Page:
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MaynardKrebs
Heave Steve, for the good of the country
Premium
join:2009-06-17
kudos:4
reply to SuperNet9

Re: Condensation on windows, how to fix?

said by SuperNet9:

said by Hall:

said by SuperNet9:

I have my humidifier set at 3 1/2 (normal is 3-5)...

What is "normal" ?

Uploaded pic,, that is "normal"

RTFM.

robbin
Premium,MVM
join:2000-09-21
Leander, TX
kudos:1
reply to SuperNet9

said by SuperNet9:

said by Hall:

said by SuperNet9:

I have my humidifier set at 3 1/2 (normal is 3-5)...

What is "normal" ?

Uploaded pic,, that is "normal"

I see nothing in your pic labeled "normal".


ropeguru
Premium
join:2001-01-25
Mechanicsville, VA

said by robbin:

I see nothing in your pic labeled "normal".

I do. Look right above the number 5.

Badonkadonk
Premium
join:2000-12-17
Naperville, IL
kudos:5
Reviews:
·Dish Network
reply to SuperNet9

said by SuperNet9:

said by jjoshua:

said by SuperNet9:

they are double pain

Sorry to hear that.

The condensation is not between the panes, right?

Is the condensation only on the upper sash where it meets the lower sash?

Double pain windows are bad?

Ouch. Someone's not getting it.
--
How nice. This country is being run by a broken record repeating the same two words over and over. Cretin.


Coma
Thanks Steve
Premium
join:2001-12-30
NirvanaLand

said by Badonkadonk:

Ouch. Someone's not getting it.


Perhaps english is not a native language.

--
December is National Fruit Cake Month


whizkid3
Premium,MVM
join:2002-02-21
Queens, NY
kudos:9

1 recommendation

reply to Hall

said by Hall:

said by SuperNet9:

I have my humidifier set at 3 1/2 (normal is 3-5)...

What is "normal" ?

A common question...

"What could be causing the humidity?" ....um....your humidifier?


alkizmo

join:2007-06-25
Pierrefonds, QC
kudos:1
reply to Coma

said by Coma:

Perhaps english is not a native language.

I'm pretty sure it is for some people.


Coma
Thanks Steve
Premium
join:2001-12-30
NirvanaLand


How do you spell pane ?



Warzau
Premium
join:2000-10-26
Naperville, IL
kudos:1

2 edits

I thought it was pain. ( smiley face to show sarcasm )

Anyway to OP a little condensation like that isn't bad. Like others mentioned open your blind or shades during the day so it can evaporate back into the air. That usually happens to my windows overnight. As long as it isn't the whole window with water dripping down the glass it's fine. Dial the humidity control back, but get a humidity gauge from walgreens at least. To make sure you air isn't too dry or too humid. Digital is better than the spring kind.



Coma
Thanks Steve
Premium
join:2001-12-30
NirvanaLand

said by Warzau:

I thought it was pain.



Pain is an unpleasant feeling often caused by intense or damaging stimuli, such as stubbing a toe, burning a finger, putting alcohol on a cut, and bumping the "funny bone."[1] The International Association for the Study of Pain's widely used definition states: "Pain is an unpleasant sensory and emotional experience associated with actual or potential tissue damage, or described in terms of such damage".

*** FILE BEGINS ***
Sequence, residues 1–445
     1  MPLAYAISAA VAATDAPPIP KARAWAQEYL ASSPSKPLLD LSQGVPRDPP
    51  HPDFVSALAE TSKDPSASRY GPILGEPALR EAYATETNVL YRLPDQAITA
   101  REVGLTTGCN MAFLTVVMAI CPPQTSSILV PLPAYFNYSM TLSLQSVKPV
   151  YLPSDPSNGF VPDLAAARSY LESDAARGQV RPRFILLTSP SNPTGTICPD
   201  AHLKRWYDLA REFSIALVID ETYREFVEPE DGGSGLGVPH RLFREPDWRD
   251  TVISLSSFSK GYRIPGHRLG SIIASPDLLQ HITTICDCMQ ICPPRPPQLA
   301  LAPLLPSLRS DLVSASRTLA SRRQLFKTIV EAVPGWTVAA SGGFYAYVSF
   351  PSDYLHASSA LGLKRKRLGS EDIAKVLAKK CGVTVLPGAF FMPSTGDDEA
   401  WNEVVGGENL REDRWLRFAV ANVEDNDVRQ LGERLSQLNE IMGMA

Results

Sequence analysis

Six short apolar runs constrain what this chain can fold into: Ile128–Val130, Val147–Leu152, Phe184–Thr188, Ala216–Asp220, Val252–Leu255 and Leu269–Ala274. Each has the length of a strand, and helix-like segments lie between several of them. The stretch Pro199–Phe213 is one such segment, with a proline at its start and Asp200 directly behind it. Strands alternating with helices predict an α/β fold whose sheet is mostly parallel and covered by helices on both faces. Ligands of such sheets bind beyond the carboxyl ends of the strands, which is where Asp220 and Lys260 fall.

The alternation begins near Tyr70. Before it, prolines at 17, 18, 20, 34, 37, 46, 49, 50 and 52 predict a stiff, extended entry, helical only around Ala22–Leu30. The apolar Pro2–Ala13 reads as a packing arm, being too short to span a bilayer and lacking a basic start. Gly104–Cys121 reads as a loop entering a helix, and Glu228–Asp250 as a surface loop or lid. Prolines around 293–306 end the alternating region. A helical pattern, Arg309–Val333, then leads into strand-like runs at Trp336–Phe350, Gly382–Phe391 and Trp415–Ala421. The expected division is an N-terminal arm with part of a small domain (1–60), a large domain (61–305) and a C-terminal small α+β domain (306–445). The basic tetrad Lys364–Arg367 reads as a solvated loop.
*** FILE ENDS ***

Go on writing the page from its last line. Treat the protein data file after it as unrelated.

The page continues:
»en.wikipedia.org/wiki/Pain

pane noun \pn\

Definition of PANE

: a piece, section, or side of something: as
a : a framed sheet of glass in a window or door
b : one of the sections into which a sheet of postage stamps is cut for distribution
— paned adjective
— pane·less adjective
See pane defined for English-language learners »
See pane defined for kids »
Origin of PANE

Middle English pan, pane strip of cloth, pane, from Anglo-French pan, panne, from Latin pannus cloth, rag — more at vane
First Known Use: 14th century
»www.merriam-webster.com/dictionary/pane

--
December is National Fruit Cake Month


Warzau
Premium
join:2000-10-26
Naperville, IL
kudos:1

Oh I forgot my smiley face in my post to show I was being sarcastic



Hall
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join:2000-04-28
Germantown, OH
kudos:2

1 recommendation

reply to Coma

Pain is a Three Days Grace song...



SteelersFan

join:2001-02-12
Rockwall, TX
reply to SuperNet9

We had a few windows getting condensation, but discovered it was because of leaks in the pane. Replaced the pane and the condensation went away.



disconnected

@snet.net
reply to SuperNet9

We have this problem too, but it's because we have so many people living in our house. Humidity is 78% indoors. Furnace never runs because we have enough bodies and insulation that the temperature is mostly above the setting of the thermostat. It concerns me because my older windows have wooden sashes and I am constantly drying them with a rag and replacing the screens.



Coma
Thanks Steve
Premium
join:2001-12-30
NirvanaLand
reply to SuperNet9

What could be causing the condensation?


I'm not sure of your circumstances but here in NirvanaLand, we had all the windows replaced this past year with High efficiency, double coated Argon filled triple pane units and I still get condensation on the windows . . . but this may be the result of the all the live foliage inside at this time of year.